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To Improve Proportionality, Nielsen Will Reuse Some Diary Market Participants.


Aiming to make its diary ratings sample more representative of the population it measures, Nielsen is reselecting a small portion of previous diary participant households and inviting them to once again complete a diary for a new ratings period.


The initiative, known as Targeted Reselects, began with the Spring 2024 survey in all diary markets. It marks the first time the company has intentionally invited past diary participants to be part of a new survey week.


The goal is to improve sample proportionality in difficult-to-reach demos. It’s no secret that Nielsen and other researchers have had problems getting young people to participate in surveys.


The target for the first wave is revisiting previous diary households that contained 18–34-year-olds and showed good compliance. Nielsen says it has reviewed the plans with the Media Rating Council and with key customers.


Proportionality is a measure of how closely the sample mirrors the demographic makeup of a market. Perfect proportionality is 100. Current proportionality indices for 18–34-year-olds, long a hard-to-reach group, are in the mid-to-high 60s in diary markets. That’s far from ideal. Nielsen says they expect reselects to have a positive impact of approximately a 10-point increase in 18-34 proportionality.


The plan is to source 10-15% of the total diary sample from reselected households.


Cost-Effective Way To Solve A Problem


Nielsen Audio Managing Director Rich Tunkel says getting previous diary households to participate again for another week is “a cost-effective way” to solve a problem without causing clients to incur an additional cost to increase sample sizes. “To go back to that relationship 18 months or a couple of years later, and re-invite them into another survey, is a very efficient and targeted way to get them to contribute to the sample and fill in some of those holes with a tough-to-reach group,” he told Inside Radio in an interview.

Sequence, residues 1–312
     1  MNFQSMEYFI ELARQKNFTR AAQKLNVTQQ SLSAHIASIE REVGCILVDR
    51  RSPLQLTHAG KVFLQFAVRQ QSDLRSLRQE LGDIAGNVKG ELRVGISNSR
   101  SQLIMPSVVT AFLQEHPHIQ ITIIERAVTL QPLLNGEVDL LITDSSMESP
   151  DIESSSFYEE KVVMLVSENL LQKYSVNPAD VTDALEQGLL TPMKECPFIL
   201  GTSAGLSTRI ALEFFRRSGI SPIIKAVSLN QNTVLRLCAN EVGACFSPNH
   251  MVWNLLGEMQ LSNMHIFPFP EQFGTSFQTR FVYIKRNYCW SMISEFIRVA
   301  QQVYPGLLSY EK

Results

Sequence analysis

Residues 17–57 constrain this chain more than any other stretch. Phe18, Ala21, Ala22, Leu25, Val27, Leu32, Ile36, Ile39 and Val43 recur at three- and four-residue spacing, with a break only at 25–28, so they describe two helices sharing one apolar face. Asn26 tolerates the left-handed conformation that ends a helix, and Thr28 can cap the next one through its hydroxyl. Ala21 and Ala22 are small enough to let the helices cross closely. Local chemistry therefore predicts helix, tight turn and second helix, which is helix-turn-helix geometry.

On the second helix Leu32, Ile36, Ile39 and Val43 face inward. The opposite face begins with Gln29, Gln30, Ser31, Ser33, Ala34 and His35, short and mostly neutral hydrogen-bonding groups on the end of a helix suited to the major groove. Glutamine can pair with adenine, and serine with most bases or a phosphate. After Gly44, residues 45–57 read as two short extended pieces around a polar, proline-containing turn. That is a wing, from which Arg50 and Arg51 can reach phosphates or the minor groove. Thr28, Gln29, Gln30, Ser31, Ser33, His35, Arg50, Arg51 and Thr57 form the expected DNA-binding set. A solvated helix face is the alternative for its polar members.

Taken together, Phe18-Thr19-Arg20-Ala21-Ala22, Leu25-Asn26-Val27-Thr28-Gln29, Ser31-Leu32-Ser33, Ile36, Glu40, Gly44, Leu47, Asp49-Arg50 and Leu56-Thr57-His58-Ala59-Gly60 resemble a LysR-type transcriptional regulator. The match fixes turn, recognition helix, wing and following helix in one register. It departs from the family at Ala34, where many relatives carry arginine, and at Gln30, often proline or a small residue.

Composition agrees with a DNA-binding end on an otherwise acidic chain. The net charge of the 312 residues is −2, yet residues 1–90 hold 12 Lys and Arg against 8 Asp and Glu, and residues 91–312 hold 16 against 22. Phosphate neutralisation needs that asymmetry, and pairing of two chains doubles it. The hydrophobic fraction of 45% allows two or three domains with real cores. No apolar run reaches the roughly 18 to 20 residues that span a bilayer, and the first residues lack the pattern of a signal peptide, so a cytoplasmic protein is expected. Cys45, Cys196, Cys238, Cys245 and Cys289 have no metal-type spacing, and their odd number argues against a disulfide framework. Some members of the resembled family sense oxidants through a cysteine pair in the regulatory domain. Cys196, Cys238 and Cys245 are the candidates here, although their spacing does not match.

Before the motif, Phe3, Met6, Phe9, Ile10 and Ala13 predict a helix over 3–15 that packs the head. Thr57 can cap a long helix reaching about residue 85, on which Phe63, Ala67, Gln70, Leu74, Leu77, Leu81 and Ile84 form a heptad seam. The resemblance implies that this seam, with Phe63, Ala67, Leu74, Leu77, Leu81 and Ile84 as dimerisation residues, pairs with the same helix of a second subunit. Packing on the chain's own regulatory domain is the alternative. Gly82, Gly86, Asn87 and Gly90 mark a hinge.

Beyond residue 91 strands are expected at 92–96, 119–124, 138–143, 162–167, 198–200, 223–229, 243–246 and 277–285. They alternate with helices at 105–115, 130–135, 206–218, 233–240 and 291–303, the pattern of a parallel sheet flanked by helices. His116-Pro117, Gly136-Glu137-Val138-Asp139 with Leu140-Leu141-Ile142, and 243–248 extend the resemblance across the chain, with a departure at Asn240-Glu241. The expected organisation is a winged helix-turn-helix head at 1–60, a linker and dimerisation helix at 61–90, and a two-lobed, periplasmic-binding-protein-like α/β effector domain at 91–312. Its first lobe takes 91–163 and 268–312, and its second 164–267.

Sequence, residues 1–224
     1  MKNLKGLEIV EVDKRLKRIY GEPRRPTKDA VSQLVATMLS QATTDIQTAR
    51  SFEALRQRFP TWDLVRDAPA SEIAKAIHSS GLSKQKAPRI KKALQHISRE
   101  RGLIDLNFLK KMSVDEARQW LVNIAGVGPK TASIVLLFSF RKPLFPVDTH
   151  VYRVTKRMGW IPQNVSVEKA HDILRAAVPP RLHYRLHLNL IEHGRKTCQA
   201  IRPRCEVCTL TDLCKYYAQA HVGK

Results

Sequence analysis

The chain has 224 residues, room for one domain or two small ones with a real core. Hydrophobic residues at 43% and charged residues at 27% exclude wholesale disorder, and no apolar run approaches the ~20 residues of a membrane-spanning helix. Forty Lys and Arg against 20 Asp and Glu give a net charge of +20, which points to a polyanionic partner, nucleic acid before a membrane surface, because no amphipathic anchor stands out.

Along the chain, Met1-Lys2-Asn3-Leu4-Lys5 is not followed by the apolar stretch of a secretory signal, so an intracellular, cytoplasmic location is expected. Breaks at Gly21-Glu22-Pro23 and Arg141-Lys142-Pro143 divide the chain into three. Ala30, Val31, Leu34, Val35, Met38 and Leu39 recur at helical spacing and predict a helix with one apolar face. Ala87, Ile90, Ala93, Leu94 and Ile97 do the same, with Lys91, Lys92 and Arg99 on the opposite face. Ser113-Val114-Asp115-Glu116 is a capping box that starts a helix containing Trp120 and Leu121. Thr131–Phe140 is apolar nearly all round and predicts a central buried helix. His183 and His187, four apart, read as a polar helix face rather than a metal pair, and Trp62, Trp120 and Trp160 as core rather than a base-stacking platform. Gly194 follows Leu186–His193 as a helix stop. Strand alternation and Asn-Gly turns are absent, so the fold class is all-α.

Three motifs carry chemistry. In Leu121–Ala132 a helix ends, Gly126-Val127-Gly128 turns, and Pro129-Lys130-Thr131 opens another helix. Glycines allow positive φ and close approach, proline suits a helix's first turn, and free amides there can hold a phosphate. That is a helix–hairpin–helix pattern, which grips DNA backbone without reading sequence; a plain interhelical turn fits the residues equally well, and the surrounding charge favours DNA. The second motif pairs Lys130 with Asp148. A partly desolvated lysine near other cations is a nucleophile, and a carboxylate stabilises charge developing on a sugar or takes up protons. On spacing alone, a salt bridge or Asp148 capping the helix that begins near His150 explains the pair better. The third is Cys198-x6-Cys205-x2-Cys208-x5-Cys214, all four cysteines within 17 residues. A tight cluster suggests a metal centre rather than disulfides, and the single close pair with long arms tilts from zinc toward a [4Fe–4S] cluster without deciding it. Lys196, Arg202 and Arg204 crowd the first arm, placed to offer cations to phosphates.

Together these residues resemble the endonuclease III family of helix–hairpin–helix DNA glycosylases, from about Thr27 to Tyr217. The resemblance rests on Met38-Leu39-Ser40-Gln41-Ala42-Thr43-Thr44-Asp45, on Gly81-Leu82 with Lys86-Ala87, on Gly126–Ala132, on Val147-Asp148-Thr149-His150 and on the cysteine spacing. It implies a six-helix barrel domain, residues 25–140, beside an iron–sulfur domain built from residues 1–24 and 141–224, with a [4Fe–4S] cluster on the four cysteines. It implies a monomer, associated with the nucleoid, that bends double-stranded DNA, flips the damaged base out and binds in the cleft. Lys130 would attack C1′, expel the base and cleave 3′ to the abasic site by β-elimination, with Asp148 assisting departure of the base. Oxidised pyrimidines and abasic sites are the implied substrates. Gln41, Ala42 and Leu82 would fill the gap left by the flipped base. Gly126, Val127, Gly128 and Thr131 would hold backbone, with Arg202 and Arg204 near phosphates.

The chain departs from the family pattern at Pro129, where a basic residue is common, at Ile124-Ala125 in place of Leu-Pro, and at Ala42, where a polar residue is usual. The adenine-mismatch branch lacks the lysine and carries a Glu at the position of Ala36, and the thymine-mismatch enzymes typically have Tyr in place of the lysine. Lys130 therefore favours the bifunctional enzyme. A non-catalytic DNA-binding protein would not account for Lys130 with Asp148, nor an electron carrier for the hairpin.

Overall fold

Targeted Reselects focuses on households that earlier exhibited good compliance and contain demographics that are coming up short in Nielsen samples. These are households that have already been screened and agreed to participate. All that’s left is re-inviting them.


To prevent a household from participating twice in the same survey period, Nielsen has adopted a cooling off period. In markets with two ratings books a year, a household wouldn’t be invited back for a full year. In continuously measured targets, the gap would be at least six months. “It is not okay to vote twice in an election. It is okay to vote again in the next election,” Tunkel says. “That's really what this is.”


No household would participate more than two times total. In addition, no household would be reinvited to participate three years after they first filled out a diary. By then, there may have been demographic changes: the18- to 34-year-old may have moved out, or the entire family could have relocated.


Heading into the Summer and Fall 2024 surveys, Nielsen says it will evaluate and expand the focus of Targeted Reselects to cover other difficult to measure sample groups.


Tunkel says it takes advantage of an asset Nielsen has had for a long time but never tapped into. “We establish a relationship with the diary keeper for one week. They fill out the diary, they give us great information, and then we never talked to them again.”


‘Extremely Comparable’ To Fresh Sample


Based on random chance, a small percentage of households are occasionally recruited that have already participated in a previous survey. Nielsen has studied this listening data and Tunkel says it is “extremely comparable” to fresh sample. “That's why we felt good going forward with a plan to set a specific target of 10 to 15%” of households in a survey made up of reused sample.


Originally slated for a Fall 2024 rollout, Targeted Reselects was moved up for a spring launch “after receiving client feedback on the importance of sample proportionality with younger respondents,” Nielsen explained in a memo to clients.


While the company is working with fewer resources following multiple waves of significant layoffs under its new private equity owners, Tunkel says they have a dedicated team that made sure reusing sample wouldn’t have a detrimental impact on ratings quality. Namely that second-timers weren’t tired of participating or weren’t as accurate as they were in their first go-round.


Using previous diary keepers to improve sample representation is part of a larger initiative to improve the diary ratings service. “We're doing a lot of things to enhance and increase participation for our diary service,” says Nielsen VP of Insights Jon Miller. In February it announced plans to modernize the service by converting to a mobile survey (mSurvey) and switching to a 100% address-based sample (ABS) methodology. Those plans are moving along. However, in response to client requests, Nielsen is making room for a few more tests and analysis for what it is calling its Audio Diary Transformation. The results are expected to be shared with the industry. “This is just one lever that we're able to pull right now that gives us the opportunity to directly target younger participation that can have a pretty immediate effect,” Miller said. “And there's more coming this year.”

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